This review was written by contributor Greg Prato.
For the most part, mainstream pop and rock music has become so formulaic, predictable, and same-sounding in modern times that it makes gents like myself long for the days of yore, when it appeared as though more artists were at least attempting to stand out (and also, composed their own material). So, it’s always a hoot when you happen to come upon a modern day artist that is not same-sounding and manages to accomplish something that most seem to forget what made all the past notable artists stand out from the rest of the pack – successfully injecting their own personality into their music.
I am quite overjoyed to report that A Permanent Shadow is one such band – as heard throughout their debut album, Songs of Loss. An electro-rock outfit that contains elements of the likes of Kraftwerk, Devo, Nine Inch Nails, Bowie, and Moby, A Permanent Shadow hails from Barcelona, and features main man CP Fletcher (which speaking of Moby…Mr. Fletcher resembles, somewhat!). But when I mention NIN as a comparison, there is nothing aggro or even approaching hard rock territory on Songs of Loss. Which is certainly not a bad thing, just pointing it out so there is no confusion.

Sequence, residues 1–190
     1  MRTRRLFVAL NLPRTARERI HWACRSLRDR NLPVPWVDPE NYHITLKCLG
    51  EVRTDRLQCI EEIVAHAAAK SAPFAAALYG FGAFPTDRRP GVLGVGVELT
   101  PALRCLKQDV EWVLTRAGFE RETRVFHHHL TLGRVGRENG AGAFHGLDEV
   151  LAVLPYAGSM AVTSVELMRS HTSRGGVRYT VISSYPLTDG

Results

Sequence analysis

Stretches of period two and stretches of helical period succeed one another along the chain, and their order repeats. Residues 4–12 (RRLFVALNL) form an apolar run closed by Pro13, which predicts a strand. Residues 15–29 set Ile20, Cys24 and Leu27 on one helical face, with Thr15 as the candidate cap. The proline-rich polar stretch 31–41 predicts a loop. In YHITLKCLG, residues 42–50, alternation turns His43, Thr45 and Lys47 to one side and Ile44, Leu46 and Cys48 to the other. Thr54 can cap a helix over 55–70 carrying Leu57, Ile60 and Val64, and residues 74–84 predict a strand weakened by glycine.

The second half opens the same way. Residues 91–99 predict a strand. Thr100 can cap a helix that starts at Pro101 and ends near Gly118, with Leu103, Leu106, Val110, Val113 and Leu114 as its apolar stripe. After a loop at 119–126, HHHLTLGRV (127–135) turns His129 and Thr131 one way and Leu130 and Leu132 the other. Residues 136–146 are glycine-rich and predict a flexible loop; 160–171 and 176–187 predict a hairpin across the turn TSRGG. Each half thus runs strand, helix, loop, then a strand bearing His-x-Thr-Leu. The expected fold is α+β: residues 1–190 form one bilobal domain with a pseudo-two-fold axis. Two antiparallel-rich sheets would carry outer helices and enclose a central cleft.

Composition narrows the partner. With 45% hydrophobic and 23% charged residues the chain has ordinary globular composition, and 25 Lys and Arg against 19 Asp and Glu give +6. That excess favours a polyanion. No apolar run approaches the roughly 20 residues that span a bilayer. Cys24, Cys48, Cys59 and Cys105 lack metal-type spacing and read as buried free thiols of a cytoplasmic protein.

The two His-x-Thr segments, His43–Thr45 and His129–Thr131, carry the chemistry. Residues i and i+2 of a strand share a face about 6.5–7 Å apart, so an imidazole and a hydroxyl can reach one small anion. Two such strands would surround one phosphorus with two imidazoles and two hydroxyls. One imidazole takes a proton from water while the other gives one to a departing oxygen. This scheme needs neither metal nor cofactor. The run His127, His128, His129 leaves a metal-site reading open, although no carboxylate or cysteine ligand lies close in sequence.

With Fletcher joined by a rotating cast of musicians and producers, the album is an impressively consistent listen from beginning to end, with one of the top standouts being “Empty” (for which a video was filmed for), which contains the memorable lyric “You flew into the sun when I was on the moon, you were a pain in the ass but you’re gone too soon.” Other highlights include “See the Light” (which incorporates a bit of acoustic guitar) and “Sailor” (in my estimation, the best tune of the bunch).
Also what makes A Permanent Shadow stand apart from the rest is Fletcher is not opposed to dropping a “dirty word” here and there to keep you on your toes – as heard on such selections as “Sword of Damocles” and “Radical Change” (hint – it’s a word that rhymes with “hit,” and is slang for feces).
All and all, Songs of Loss by A Permanent Shadow is a most pleasant and welcome surprise – when we seemingly need it the most, in our mostly monotonous musical times.